Last week at PATAS was another quiet affair in so far as Barnet were concerned. There were only 27 new Barnet cases out of 915 for London as a whole because of the parking enforcement software changeover.
The number of Barnet Appeals heard was up from the recent lows with 75 Appeals heard of which 55 (73%) were decided in favour of the motorist. there were also 7 witness statements which merely delayed the inevitable and 1 recommendation to cancel.
The cases were largely routine and four of them suffered from the same fault, Barnet Council, acting by its agent NSL, failed to get the evidence in on time with some of it arriving the day before and in one case on the day. A clearer breach of your human right to a fair trial (flicking through the papers on the tube on the way to an Appeal hearing doesn't enable you to finely study the arguments and evidence) is hard to find and those four PCN were cancelled.
Suspended bay signs are always worth a look to see if you were actually parked in the suspended section of road. Someone parked outside number 10 (no, not Downing St) and the part of the road that was suspended was number 9 so the PCN should never have been issued and is no more.
A lady had her 95 year old mother with her who was suddenly taken ill. She took her to the health centre and left a note in the windscreen. She came back to another sort of notice, a Penalty Charge Notice. It is now cancelled but she had to shell out £15 for a letter from the doctor to evidence her case. It is pretty mean of NSL, who handle challenges, not to have cancelled this PCN at an earlier stage.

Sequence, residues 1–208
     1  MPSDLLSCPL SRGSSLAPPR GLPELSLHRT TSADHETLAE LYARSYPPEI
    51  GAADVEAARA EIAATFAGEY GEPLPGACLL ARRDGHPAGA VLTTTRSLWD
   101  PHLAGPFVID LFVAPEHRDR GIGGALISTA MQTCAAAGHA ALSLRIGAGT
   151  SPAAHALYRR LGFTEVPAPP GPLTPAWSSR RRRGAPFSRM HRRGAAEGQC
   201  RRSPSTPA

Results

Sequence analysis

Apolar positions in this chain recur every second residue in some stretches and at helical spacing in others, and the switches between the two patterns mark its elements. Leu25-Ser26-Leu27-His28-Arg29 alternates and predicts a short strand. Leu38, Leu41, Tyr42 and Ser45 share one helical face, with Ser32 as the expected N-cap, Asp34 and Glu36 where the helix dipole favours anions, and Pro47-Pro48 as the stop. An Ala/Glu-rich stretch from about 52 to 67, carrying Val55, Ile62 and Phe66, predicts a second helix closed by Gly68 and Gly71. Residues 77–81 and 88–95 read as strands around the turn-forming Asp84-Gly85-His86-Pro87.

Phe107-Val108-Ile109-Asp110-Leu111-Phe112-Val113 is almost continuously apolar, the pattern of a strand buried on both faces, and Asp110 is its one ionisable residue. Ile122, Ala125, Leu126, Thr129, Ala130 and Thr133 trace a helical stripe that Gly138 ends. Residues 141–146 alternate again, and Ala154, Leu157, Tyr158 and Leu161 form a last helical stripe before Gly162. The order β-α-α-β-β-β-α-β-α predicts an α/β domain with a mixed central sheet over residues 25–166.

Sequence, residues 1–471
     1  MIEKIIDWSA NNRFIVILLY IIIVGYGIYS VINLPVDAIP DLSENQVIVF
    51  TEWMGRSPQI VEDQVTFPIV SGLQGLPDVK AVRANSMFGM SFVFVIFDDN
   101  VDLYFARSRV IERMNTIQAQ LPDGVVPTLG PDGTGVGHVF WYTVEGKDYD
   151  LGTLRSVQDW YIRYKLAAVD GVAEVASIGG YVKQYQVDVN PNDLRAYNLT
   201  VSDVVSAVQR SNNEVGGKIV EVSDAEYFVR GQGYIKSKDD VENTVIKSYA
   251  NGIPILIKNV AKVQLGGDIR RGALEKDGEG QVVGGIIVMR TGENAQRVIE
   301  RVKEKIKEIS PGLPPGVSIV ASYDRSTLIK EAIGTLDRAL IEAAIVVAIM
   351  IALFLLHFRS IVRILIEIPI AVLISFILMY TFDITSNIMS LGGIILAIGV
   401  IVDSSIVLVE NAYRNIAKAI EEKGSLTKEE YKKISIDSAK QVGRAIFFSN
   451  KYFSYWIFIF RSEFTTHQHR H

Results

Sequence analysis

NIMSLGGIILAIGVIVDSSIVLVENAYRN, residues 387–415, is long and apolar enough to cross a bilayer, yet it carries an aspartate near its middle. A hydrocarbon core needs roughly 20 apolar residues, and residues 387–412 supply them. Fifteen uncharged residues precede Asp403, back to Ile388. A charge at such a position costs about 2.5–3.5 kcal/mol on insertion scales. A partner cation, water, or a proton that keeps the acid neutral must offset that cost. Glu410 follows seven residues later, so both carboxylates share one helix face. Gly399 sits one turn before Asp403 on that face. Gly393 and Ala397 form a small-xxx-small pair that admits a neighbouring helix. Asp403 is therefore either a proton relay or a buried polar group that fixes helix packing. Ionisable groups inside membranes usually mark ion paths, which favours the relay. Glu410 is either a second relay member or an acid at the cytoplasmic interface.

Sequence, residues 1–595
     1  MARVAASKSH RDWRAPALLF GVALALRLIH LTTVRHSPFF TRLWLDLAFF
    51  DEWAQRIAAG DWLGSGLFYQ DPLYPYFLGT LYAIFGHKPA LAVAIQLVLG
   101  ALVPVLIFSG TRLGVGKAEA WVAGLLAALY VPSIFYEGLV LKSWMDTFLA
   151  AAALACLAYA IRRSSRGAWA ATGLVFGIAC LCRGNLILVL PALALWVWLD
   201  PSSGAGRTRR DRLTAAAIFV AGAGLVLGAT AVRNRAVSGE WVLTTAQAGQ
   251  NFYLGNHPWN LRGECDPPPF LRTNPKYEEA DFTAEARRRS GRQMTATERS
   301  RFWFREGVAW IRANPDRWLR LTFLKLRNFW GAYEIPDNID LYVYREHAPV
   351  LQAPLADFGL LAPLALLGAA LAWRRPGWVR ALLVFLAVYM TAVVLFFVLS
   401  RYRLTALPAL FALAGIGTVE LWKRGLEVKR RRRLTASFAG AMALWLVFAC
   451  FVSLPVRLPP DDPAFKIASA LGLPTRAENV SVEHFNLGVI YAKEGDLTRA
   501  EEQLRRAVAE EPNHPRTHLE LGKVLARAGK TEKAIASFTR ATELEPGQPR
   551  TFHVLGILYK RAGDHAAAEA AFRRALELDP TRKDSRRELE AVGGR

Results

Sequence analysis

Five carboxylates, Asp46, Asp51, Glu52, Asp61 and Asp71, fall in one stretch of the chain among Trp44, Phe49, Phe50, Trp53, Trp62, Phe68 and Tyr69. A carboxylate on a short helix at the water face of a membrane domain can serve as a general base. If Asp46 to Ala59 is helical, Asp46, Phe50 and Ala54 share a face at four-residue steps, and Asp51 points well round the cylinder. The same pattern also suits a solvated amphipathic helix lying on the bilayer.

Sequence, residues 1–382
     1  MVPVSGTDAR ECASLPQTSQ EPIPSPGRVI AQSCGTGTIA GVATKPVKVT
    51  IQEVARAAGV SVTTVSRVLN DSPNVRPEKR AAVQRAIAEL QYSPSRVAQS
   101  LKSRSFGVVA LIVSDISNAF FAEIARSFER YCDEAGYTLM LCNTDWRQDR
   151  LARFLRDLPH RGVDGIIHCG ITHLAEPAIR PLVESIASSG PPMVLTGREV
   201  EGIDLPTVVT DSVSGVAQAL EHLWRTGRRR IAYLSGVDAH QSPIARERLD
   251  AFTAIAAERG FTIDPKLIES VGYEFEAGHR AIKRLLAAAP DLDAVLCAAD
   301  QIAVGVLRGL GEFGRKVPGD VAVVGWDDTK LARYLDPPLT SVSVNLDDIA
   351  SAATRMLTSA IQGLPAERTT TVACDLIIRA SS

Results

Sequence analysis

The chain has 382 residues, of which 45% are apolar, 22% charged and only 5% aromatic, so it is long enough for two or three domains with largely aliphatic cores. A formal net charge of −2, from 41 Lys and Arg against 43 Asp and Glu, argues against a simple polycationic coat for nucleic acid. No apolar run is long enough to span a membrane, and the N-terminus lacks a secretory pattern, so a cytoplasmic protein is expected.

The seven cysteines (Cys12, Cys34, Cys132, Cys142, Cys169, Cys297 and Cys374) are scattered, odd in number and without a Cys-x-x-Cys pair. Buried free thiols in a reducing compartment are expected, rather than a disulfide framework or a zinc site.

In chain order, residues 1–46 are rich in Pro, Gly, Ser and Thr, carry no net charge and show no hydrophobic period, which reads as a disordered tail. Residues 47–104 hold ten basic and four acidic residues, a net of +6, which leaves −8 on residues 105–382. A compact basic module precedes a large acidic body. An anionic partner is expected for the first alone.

A permit which was displayed was not visible to the traffic warden as it was dark. Again, once it is produced the challenge should be allowed rather than making people flog to Angel, Islington to obtain the fair result, a cancellation.
One ticket that was upheld related to passengers being dropped off in a residents bay. It might seem perverse but it is better to drop them off on a single or double yellow (don't leave the car unless you have to escort a pet, an old or disabled person or young children to safety) as that is what the rules say.
I anticipate a surge in appeals quite soon when all of the pent up Notices of Rejection (with PATAS forms) start to land on your doormat. It costs you nothing to Appeal to PATAS and you don't even have to go there if you don't want to.